We Must Demand Professional Policing For All

I am a professional philosopher. That doesn’t just mean I do it for a living. Though I’m glad to be paid for my work, getting paid to do a thing does not make you a professional. Being a professional means that philosophy is my vocation and is closely tied to my self-identity. The norms of my profession have become personal norms; when my profession suffers a crisis, I feel it personally. Even if I lost my job I’d think of myself as a philosopher!

Yet most police officers are not professionals in this sense. Consider the collective horror, shame, and disgust we philosophers have at the abusive behavior of our fellow philosophers: think of what it means to be compared to Colin McGinn or Thomas Pogge. Why isn’t there that kind of horror, shame, and disgust among police officers at the drumbeat of police shootings?

Some police departments do have professional police departments. I’ve written before (for instance here and here) about my work doing civilian oversight of the NYPD, where–for the most part–I observed professionals at work. Yet even there the culture tends to be defensive rather than proactive. They saw civilian investigators as a no-longer-necessary evil, based on long-past departmental misdeeds. Yet we did that work precisely because the department had failed to engage in its own oversight. And corruption and abuse kept appearing, like whack-a-mole, whenever a part of the department found itself unsupervised.

Still, the culture at the NYPD seemed to be slowly changing, and I met many young officers who took their work seriously and evinced a desire for more than an exoneration; they aimed not just to mount a vigorous defense of the legality of their actions, but also to show that they had acted wisely and well, and that failures to do so were blameworthy even if they were not punishable.

I do not see that professionalism in the Baltimore Police Department. It’s quite obvious that the police department in Baton Rouge is not professional in this way. And we now know far too much about the unprofessionalism–indeed the thuggery and extortion–of the Ferguson police department. The list of such unprofessional departments is almost as long as the list of African-Americans killed during routine interactions that would never have led to violence with whites. And that’s just it: the one common feature seems to be that the unprofessional departments are primarily policing African-Americans.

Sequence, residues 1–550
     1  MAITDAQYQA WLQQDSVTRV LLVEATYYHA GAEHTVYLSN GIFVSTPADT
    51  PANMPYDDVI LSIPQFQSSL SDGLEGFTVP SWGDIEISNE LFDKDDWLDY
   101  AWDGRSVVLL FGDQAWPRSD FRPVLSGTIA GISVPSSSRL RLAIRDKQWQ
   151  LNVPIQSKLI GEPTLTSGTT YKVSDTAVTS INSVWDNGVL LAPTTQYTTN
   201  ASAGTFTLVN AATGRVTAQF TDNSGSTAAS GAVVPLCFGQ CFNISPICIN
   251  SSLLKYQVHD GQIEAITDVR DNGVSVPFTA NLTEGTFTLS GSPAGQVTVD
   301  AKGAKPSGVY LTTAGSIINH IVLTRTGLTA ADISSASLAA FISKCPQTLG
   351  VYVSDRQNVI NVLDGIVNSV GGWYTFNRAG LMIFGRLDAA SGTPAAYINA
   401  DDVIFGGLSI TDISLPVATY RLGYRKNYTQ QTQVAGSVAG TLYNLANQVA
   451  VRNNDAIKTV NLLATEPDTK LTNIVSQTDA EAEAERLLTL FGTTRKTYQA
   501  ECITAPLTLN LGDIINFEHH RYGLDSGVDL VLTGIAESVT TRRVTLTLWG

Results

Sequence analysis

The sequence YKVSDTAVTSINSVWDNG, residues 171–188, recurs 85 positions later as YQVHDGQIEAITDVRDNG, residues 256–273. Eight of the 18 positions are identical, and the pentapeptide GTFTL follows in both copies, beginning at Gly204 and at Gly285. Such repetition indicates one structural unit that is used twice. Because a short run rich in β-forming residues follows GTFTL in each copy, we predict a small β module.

I won’t pretend to give #BlackLivesMatter activists advice; their movement has its own leadership and needs nothing from me. But white citizens are and ought to be outraged by these killings as well, so it’s time for us to think about what kinds of changes to demand. We have a responsibility here and we cannot shirk it merely because we are not citizens of the specific cities or residents of specific neighborhoods that suffer under the boot of unprofessional departments. We must do what we can to professionalize the departments that police our fellow-citizens.

This will be a multi-pronged effort. Some parts will be legal, for instance, adopting a necessity rule:

Even when the police have a reasonable belief that a person is dangerous, the necessity standard does not permit deadly force if non-deadly or less deadly alternatives are available and adequate to meet the threat.

(And yes, the reason many officers are exonerated for their killings is because their states do not require that their use of force be necessary. That’s disgusting.)

We must also change training to emphasize defusing violence before it starts:

The key for the police in such circumstances is to slow things down: to ask questions rather than bark orders, to speak in a normal tone, to summon additional resources if necessary. Pulling out a gun on an anxious person may unintentionally raise his level of stress. In “suicide by cop” confrontations, this can make a bad situation worse.